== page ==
Prosecutors who dropped charges against eight people in the Flint water scandal explained their decision in a public forum Friday night, telling frustrated and shocked residents they must look at hundreds of mobile devices and millions of documents that a previous investigative team never reviewed.
Michigan Solicitor General Fadwa Hammoud and Wayne County Prosecutor Kym Worthy spoke to about 100 residents Friday night at a union hall in the city, two weeks after dismissing charges against the former state health director and other officials. The three-year probe was relaunched, and charges could be refiled.
"We have received information that is absolutely relevant to our investigation that we have never had before," said Hammoud, who took over the investigation of Flint's lead-contaminated water in January following the election of Democrat Dana Nessel.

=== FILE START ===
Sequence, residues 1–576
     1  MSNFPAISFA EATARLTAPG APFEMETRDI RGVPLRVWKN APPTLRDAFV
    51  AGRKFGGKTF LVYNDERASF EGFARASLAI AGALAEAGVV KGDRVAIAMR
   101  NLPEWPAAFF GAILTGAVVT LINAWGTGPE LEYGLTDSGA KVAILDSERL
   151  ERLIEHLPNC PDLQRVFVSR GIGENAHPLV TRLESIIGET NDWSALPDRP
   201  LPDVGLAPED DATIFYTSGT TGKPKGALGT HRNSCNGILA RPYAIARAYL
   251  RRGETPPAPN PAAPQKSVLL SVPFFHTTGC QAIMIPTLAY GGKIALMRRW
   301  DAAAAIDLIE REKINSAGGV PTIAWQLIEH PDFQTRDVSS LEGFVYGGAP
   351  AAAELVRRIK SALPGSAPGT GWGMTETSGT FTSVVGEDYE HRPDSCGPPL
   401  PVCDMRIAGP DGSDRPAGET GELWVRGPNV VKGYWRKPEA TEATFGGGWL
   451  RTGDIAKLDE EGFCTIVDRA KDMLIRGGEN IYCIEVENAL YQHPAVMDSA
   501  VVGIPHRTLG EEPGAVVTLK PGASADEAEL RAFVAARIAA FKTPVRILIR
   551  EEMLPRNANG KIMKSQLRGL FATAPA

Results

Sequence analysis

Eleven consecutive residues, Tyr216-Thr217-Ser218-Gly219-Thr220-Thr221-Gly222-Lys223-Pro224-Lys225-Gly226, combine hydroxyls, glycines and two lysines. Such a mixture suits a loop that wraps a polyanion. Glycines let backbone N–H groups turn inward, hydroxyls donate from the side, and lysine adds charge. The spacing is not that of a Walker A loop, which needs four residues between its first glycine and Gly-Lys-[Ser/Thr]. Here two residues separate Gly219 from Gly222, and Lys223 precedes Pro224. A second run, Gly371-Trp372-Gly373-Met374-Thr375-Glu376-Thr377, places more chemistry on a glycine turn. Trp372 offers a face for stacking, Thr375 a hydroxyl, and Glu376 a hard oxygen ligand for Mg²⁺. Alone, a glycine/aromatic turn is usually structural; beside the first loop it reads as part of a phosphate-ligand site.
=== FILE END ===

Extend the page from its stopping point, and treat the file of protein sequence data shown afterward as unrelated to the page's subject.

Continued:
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Hammoud cited the need to review 20 million documents and said the new criminal team uncovered in months, with search warrants, what previous investigators had not retrieved in years.
The prosecutors criticized how their predecessors gave seven other officials plea deals resulting in no jail time or criminal records.
"I've never seen anything like it," said Worthy, who also joined the criminal team.
Some residents were shocked the statute of limitations for one felony crime, misconduct in office, could expire in nine months. One woman criticized prosecutors for waiting two weeks to come to Flint, leading them to apologize.
Other residents thanked the new prosecutors, agreeing the prior probe was inadequate.